Legal experts are concerned Europe will become less hospitable to global market participants under a European Commission scheme to streamline regulation of foreign financial institutions, while the UK government has joined calls to halt the US prop trading ban’s application beyond American shores. In particular, there are fears that international finance hubs such as London could suffer as regulators attempt to extend their reach into other jurisdictions.
Brussels policymakers are poised to recommend an omnibus of financial regulation that would sit above all present legislative proposals, controlling criteria for third-country firms operating in the European Union (EU).
Disparity in how third-country firms are treated in the single market presently exists in a number of regulations, including MiFID II, the European market infrastructure regulation and the Alternative Investment Fund Managers’ Directive.
Peter Snowdon, a partner in the financial services group at London-based law firm Norton Rose, said third-country rules and, to a lesser extent, issues of extraterritoriality were previously determined by member states.
Third-country rules attempting to regulate foreign firms by domestic standards are often criticised for their ability to stretch outside of the jurisdiction they govern. For instance, under MiFID II, third-country firms will be required to show their home regulation is “equivalent” to EU rules before they can request to provide financial services. The rule effectively means firms must abide by European rules even when operating outside the EU.
“The commission has generally been moving towards capturing third-country firms in European regulation and it looks as if they are considering drawing all these initiatives together in one overarching piece of legislation,” said Snowdon. “It is attempting greater harmonisation of the markets, and there is not much doubt in my mind that they have the legal ability to do this if they want.”
Snowdon said US firms operating abroad have always been very careful to accept the imposition of extraterritoriality by US regulators.
“It is probably inevitable that the European authorities would sooner or later seek to develop their own extraterritorial powers,” said Snowdon. “However, the interesting question is what happens when such obligations come up against requirements in other jurisdictions such as the US?”
Philip Morgan, a partner in law firm K&L Gates’ investment management practice group in London, said it always used to be the case that the US was the jurisdiction most renowned for enacting regulation having extra-territorial effect but now it looked like Europe was becoming worse.
“The Commission is proposing for the extension of EU financial services regulations in a number of areas to overseas persons through requiring that their home jurisdiction has in place regulations equivalent to EU regulation, the authority for this ‘global’ approach being the high level direction of regulation agreed by the G20,” he said.
Snowdon warned the rule could hit London harder than other European markets.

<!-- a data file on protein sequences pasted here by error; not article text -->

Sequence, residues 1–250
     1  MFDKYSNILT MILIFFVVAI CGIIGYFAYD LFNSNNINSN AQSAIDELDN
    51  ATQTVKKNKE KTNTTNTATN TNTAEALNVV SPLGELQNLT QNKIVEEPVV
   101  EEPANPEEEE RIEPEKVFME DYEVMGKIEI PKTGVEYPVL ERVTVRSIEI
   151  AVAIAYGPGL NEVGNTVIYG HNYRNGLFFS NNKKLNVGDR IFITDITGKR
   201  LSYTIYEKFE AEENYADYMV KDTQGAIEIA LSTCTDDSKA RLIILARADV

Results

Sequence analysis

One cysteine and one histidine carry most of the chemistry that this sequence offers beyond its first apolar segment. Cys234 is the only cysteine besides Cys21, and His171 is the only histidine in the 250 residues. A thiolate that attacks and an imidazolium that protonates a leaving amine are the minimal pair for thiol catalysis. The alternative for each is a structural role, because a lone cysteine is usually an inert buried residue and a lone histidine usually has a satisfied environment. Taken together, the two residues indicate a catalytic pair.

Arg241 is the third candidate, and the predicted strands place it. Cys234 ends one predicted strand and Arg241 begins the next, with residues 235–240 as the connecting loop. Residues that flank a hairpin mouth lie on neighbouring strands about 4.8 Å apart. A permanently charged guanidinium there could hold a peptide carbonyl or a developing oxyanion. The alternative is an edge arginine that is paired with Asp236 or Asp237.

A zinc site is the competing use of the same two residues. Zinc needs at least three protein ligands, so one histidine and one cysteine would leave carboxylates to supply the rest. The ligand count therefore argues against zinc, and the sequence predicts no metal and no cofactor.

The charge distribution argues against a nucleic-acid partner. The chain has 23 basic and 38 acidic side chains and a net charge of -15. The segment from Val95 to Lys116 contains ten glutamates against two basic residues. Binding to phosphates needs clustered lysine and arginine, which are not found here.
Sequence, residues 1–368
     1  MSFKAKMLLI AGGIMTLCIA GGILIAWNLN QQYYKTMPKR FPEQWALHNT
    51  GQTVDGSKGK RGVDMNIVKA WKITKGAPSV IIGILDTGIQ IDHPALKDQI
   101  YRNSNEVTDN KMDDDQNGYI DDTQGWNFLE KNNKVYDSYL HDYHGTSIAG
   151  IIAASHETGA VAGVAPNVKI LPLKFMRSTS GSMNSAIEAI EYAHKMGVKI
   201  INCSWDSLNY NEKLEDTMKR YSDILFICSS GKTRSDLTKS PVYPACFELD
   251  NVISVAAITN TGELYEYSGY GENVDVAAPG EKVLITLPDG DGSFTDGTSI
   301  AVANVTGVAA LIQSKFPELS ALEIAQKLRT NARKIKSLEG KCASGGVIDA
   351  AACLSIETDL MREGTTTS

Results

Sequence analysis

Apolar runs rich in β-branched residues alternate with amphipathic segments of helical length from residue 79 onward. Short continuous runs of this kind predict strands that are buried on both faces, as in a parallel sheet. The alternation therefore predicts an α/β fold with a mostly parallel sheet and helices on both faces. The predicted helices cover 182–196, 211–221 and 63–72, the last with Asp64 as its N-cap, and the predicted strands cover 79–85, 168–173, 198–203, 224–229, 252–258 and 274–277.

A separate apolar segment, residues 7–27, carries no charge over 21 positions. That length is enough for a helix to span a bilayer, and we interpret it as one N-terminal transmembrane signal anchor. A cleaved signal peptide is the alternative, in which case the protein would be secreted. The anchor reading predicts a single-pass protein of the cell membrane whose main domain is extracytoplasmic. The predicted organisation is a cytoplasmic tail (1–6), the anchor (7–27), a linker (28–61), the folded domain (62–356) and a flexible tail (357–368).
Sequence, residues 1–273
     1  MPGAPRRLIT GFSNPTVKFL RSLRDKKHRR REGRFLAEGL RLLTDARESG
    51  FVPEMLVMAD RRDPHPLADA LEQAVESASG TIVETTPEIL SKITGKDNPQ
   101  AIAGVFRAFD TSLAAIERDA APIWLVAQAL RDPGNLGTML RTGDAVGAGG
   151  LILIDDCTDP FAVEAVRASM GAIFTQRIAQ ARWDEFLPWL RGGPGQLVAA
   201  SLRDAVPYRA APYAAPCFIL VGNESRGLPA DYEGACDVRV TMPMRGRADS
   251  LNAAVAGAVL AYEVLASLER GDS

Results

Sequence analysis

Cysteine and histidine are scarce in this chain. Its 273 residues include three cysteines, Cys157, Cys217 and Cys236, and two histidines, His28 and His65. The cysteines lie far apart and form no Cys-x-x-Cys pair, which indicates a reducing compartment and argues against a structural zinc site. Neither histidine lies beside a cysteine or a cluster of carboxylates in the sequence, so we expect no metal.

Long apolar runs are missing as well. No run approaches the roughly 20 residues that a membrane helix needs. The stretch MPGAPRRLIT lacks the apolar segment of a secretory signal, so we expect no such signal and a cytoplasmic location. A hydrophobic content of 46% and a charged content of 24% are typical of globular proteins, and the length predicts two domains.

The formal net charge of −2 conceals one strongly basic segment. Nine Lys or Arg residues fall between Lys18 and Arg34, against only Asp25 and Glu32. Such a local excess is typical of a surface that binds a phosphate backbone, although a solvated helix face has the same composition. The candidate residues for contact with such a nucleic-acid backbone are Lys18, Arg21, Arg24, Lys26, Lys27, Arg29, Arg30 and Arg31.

“This would be quite significant for the UK, which has so much cross-border business,” he said. “But while there may be a sense in Europe that this is a London problem, some other EU countries may not realise just how significant third-country rules would be for their own markets. Many European markets do business with third-country firms which operate through London.”
In December, UK prime minister David Cameron vetoed plans for a new EU treaty after he failed to secure concessions that would protect London's financial markets from legislation that might damage its competitive position.
UK voices Volcker fears through back channels
Extraterritoriality concerns over new US regulations have also caught the attention of governments globally.
The so-called Volcker rule banning prop trading by deposit-taking institutions has recently come under fire from the international community as instruments and firms outside the US may also come under its jurisdiction if they had US connections. So far, these connections have only been loosely defined by US lawmakers.
Last week US regulators received a letter from the Canadian government, which was concerned the Volcker rule’s specific mention of Canadian bonds could lead to a squeeze in liquidity in its markets. Japanese watchdog the Financial Services Agency has sent a similar letter to US regulators.
A source in the UK Treasury department confirmed to theTRADEnews.com today that the UK government had been in touch with US counterparts through the UK embassy in Washington to voice its concerns over Volcker. However, the source said there had not yet been any ministerial complaints.
“The Treasury has been sympathetic to some of the concerns of [UK] banks and it wants to do more to work out a solution,” he said.
UK banks are concerned that US firms could be prevented from holding foreign government bonds in their own accounts and that this would substantially reduce liquidity.
US derivatives regulator the Commodity Futures Trading Commission handed down its version of the Volcker rule last Wednesday, mirroring a joint rule proposed in October by the Board of Governors of the Federal Reserve System, the Federal Deposit Insurance Corporation, the Office of the Comptroller of the Currency and the Securities and Exchange Commission.
The period for public consultation over the jointly-proposed rule was last month extended from 13 January to 13 February.